Isadore Golden, one of Matthew Brady’s assistant district attorneys, put it this way: “We have made out a case [. . .] through witnesses who had to have the truth dynamited out of them, witnesses who would give anything to say, ‘I was not there.’” One witness he had in mind was Al Semnacher, part motion picture publicity man, part talent agent, and part talent scout, who represented at various times ZaSu Pitts, Jacqueline Logan, Kenneth Harlan, and Virginia Rappe for less than two months. If going to Arbuckle’s party had been a business venture to get her into Arbuckle’s party, either all along or an opportunity of coincidence, he failed her miserably.
Semnacher was a kind of subaltern Hollywood functionary, even factotum. His estranged wife was the late Olive Thomas’ personal secretary. His stock-in-trade was primarily developing—or exploiting—young aspiring people, especially young women, who wanted to break into the movies and needed their face and contact information in a casting directory with a flattering portrait taken at the Hartsook Studio. Semnacher, too, served the Hollywood nobility. For example, when one of Arbuckle’s lawyers produced a purse in the courtroom, inferring that it might belong to Virginia Rappe, the accessory, as it turned out, belonged to Mildred Harris (Mrs. Charlie Chaplin). Semnacher had taken it to a jeweler for her to be fixed.
The actress Miriam Cooper expressed one school of opinion about Semnacher’s role in the Arbuckle affair. She saw Semnacher as a liar covering up what he really knew. Her husband, the actor and director Raoul Walsh, believed that Henry Lehrman had arranged with Semnacher to bring Rappe to San Francisco to see Arbuckle.
When Al Semnacher took the stand during the afternoon of September 23, 1921, his testimony came so reluctantly that the defense demanded that Assistant DA Golden treat Semnacher as a hostile witness. Some newspaper accounts described his performance as unimpressive. Others took issue with the appearance of the dapper, sporting man who was photographed wearing an ankh symbol tie pin on his four-in-hand, a pince-nez, and a Gatsby cap (picture above).
Edward J. Doherty—“America’s Highest Paid Reporter”—of the Chicago Tribune’s Hollywood bureau knew Semnacher to be Arbuckle’s friend and described him as “a short, squat, middle-aged man, with iron gray hair, gray eyes, and a weary gray countenance.”
Ellis H. Martin of the International News Service described Semnacher it terms as “a wiry little man whose dark, sparkling eyes peeped cautiously from behind shell-rimmed glasses.”
The Rev. William Kirk Guthrie, the pastor of San Francisco’s First Presbyterian Church, writing in the San Francisco Examiner, not only appeared in the Women’s Court as a reporter, wearing a clerical collar, but also as an editorialist. He, too, had something to say about Semnacher’s untrustworthy features.
What a rotten way to spend a perfectly good afternoon. Sitting in a stuffy courtroom, listening to a lot of seemingly stupid questions, that seemed to lead nowhere, and were repeated over and over again in an effort to get a witness who apparently had made up his mind not to say anything that was worth anything to anybody to say what he had already said. [. . .] And the witness, Mr. Semnacher, who, I believe, was the manager for Miss Rappe, was a very clever and interesting little person, with dark, sparkling eyes, and many of the manners and actions of a monkey. At times, he was quite cute, with a funny little twinkle behind the glasses in his black eyes—and then he knew so much, and so intimately, about some things, and was ready to run on telling it, and against he knew so little, in fact, almost nothing of what the District Attorney wanted to know.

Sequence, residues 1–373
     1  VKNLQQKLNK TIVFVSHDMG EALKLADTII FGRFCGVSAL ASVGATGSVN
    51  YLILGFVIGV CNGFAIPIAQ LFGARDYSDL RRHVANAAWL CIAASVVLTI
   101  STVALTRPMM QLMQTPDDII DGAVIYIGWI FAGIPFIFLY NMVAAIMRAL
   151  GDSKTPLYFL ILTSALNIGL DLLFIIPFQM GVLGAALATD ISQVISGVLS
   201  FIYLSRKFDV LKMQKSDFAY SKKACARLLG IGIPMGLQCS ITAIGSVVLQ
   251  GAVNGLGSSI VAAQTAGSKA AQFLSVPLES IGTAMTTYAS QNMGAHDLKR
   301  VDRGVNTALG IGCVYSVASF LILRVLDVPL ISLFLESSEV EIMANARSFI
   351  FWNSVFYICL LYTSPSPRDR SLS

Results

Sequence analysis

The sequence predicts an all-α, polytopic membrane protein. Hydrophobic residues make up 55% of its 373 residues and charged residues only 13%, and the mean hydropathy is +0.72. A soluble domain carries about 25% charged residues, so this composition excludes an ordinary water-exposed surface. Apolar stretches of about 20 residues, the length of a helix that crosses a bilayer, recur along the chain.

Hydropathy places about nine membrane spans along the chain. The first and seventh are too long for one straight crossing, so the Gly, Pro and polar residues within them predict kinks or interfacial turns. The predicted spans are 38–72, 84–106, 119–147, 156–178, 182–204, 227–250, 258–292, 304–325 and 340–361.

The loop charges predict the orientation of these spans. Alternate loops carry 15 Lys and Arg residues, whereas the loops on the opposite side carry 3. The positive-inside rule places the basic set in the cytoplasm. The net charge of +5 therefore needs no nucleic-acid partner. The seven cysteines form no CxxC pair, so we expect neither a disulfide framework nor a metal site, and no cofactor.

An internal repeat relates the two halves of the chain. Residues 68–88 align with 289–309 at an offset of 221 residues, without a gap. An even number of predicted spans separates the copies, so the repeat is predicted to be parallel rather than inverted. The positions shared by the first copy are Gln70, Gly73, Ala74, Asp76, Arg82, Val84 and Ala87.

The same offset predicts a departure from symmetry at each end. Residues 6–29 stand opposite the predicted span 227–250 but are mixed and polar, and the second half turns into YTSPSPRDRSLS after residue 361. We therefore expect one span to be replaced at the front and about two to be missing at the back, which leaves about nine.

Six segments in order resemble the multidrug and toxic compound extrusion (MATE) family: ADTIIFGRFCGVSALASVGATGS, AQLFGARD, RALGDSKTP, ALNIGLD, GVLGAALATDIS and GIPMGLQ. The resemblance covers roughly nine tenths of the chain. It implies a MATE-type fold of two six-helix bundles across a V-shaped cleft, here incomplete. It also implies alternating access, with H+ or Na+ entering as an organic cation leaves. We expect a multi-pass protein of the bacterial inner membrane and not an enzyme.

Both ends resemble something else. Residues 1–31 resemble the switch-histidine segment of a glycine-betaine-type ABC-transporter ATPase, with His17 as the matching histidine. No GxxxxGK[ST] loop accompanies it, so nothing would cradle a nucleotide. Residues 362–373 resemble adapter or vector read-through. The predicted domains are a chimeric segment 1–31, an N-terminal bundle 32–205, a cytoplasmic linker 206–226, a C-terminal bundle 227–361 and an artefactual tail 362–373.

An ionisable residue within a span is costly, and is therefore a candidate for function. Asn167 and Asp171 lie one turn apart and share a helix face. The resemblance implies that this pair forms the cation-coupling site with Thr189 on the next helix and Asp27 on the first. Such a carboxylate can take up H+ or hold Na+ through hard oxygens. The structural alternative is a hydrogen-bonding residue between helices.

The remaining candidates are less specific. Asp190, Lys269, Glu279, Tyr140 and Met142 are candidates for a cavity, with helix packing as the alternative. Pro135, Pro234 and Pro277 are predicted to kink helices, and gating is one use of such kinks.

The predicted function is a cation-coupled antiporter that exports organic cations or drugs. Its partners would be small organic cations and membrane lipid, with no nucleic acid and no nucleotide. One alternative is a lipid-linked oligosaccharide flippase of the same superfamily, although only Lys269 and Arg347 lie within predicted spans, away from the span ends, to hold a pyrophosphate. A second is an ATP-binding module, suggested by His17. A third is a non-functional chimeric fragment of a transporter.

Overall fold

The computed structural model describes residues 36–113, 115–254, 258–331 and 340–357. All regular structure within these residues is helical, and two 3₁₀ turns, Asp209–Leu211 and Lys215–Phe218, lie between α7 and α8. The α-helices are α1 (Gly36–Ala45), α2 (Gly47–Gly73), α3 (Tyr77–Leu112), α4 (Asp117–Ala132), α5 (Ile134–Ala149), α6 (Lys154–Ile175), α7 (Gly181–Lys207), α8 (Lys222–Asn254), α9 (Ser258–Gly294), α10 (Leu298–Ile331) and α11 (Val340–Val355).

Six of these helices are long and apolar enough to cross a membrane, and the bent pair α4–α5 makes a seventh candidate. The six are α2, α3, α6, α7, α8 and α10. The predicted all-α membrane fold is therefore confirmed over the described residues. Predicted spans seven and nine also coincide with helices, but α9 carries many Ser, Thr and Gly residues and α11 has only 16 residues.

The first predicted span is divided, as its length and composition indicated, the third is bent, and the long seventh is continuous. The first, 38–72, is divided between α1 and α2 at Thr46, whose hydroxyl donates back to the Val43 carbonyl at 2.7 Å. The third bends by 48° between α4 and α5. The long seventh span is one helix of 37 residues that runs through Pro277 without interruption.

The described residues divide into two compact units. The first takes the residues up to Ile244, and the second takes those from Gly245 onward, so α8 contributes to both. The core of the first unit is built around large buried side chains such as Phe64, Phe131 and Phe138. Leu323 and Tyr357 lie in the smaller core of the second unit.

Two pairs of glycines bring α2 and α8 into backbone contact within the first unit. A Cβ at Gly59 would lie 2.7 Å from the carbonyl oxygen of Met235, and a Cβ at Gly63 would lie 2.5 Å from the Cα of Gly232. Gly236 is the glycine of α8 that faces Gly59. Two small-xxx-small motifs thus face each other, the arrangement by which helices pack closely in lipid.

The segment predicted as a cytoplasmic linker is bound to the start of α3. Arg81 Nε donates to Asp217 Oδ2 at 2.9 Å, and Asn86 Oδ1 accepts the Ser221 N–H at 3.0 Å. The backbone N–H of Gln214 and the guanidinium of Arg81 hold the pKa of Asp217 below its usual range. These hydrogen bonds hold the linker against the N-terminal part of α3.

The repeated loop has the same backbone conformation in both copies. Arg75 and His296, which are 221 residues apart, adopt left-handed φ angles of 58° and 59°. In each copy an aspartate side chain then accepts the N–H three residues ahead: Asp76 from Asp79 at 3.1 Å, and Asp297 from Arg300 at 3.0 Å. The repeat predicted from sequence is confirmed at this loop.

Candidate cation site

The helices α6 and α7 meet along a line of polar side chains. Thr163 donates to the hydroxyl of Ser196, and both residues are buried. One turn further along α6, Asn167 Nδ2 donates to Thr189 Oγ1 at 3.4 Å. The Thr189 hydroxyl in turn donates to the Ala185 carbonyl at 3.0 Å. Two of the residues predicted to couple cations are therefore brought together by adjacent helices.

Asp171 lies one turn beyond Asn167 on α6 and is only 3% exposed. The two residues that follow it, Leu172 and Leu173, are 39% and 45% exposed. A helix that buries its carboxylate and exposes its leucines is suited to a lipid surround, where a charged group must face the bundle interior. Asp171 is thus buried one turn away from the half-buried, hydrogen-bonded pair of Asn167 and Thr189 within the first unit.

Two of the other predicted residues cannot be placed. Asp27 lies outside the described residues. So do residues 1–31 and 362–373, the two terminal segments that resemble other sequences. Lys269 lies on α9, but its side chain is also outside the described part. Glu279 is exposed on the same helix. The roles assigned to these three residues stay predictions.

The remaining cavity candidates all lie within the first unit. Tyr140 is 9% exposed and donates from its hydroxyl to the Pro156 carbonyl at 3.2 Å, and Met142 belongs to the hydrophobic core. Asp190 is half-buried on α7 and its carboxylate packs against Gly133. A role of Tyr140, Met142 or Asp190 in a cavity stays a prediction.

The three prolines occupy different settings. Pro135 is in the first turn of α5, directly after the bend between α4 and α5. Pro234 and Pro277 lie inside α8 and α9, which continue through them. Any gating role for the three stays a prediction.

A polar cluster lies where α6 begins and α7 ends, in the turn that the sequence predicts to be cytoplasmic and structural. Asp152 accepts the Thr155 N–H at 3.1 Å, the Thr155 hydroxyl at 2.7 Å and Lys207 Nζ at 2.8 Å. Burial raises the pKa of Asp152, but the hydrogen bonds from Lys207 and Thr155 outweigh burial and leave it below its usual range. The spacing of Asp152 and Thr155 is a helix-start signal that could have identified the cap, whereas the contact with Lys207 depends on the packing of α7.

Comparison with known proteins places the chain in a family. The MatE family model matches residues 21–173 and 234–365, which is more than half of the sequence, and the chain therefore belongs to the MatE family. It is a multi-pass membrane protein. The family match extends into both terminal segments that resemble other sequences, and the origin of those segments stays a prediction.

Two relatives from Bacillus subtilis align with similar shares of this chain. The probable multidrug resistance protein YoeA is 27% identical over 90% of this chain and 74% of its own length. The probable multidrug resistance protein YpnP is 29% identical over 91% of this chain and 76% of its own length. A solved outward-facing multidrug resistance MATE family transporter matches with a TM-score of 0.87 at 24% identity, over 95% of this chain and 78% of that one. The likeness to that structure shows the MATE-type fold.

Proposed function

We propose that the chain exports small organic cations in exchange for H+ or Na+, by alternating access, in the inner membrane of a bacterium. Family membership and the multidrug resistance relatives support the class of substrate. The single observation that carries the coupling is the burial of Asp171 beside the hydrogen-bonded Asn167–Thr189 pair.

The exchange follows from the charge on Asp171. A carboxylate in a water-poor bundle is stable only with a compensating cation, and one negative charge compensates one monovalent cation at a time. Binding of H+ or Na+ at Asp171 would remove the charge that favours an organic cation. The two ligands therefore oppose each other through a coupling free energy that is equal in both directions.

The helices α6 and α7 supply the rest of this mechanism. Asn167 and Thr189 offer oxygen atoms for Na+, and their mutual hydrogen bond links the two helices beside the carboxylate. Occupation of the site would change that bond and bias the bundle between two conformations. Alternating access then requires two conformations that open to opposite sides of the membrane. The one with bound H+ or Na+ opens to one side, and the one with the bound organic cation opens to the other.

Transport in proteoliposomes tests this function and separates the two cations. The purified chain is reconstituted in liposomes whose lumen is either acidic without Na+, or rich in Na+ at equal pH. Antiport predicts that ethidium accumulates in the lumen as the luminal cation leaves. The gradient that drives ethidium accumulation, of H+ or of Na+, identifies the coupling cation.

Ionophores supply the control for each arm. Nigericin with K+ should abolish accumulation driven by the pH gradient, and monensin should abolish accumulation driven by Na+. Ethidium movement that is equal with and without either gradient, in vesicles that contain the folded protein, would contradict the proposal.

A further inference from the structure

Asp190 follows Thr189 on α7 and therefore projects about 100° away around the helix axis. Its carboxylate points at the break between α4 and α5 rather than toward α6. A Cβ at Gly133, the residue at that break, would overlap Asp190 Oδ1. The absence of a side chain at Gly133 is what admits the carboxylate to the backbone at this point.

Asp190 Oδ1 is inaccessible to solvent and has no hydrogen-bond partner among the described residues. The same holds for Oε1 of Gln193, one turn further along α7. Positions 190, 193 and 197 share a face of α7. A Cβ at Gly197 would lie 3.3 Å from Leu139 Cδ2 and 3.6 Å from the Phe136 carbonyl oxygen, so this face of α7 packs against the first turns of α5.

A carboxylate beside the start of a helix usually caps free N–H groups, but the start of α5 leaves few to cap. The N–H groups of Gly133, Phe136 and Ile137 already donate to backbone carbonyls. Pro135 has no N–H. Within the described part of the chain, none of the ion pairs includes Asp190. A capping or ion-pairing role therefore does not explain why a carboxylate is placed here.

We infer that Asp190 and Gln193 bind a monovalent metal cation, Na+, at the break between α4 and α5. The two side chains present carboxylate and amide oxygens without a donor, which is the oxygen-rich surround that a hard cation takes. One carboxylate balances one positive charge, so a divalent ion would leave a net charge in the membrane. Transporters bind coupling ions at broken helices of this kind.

I wonder whether it is a good thing to shout at a witness. [. . .] In talking of torn garments, I couldn’t help thinking, as I saw the detectives coming into court, with two pitiful packages in their hands, of how a short while before what they contained had clothed beautiful womanhood, and were now but a wretched exhibit in a police court. And that ultimately there is but one garment that can cover our shame and failure, and that is the robe of His righteousness.
The Rev. Guthrie, like other spectators, wanted to be interested, entertained perhaps, but for many of them, this was the first time they had sat through a direct examination and cross-examination. They had no idea that this was how district attorneys laid their groundwork, especially for a reluctant witness who realized that he was being led along a precipice in which he could perjure himself, bring financial ruin, and make him an untouchable in film colony—this on top of a humiliating divorce.
 Qtd. in Edward J. Doherty, “State Springs Coup on Fatty; Defense Wild,” Chicago Tribune, 28 September 1921, 3.
 Miriam Cooper and Bonnie Herndon, Dark Lady of the Silents (New York: Bobbs-Merrill, 1973), 180.
 Edward J. Doherty, “Fatty Pales at Moving Picture of Fatal Party,” Chicago Tribune, 24 September 1921, 1.
 Ellis H. Martin, “Death of Actress Laid to Injuries,” Washington Times, 24 September 1921, 1.
 Anti-Semitism did loom over the Arbuckle trial, perhaps more than we know. In the case of Rev. Guthrie, Semnacher may have been seen as the stereotypical “Hollywood Jew,” a label already well-established especially in the revived Ku Klux Klan and among their WASP betters who entertained the “suburban prejudice.”
 Rev. William Kirk Guthrie, “Judge Lazarus Untangles Knows of Legal Verbiage, Impresses Cleric,” San Francisco Examiner, 24 September 1921, 1–2.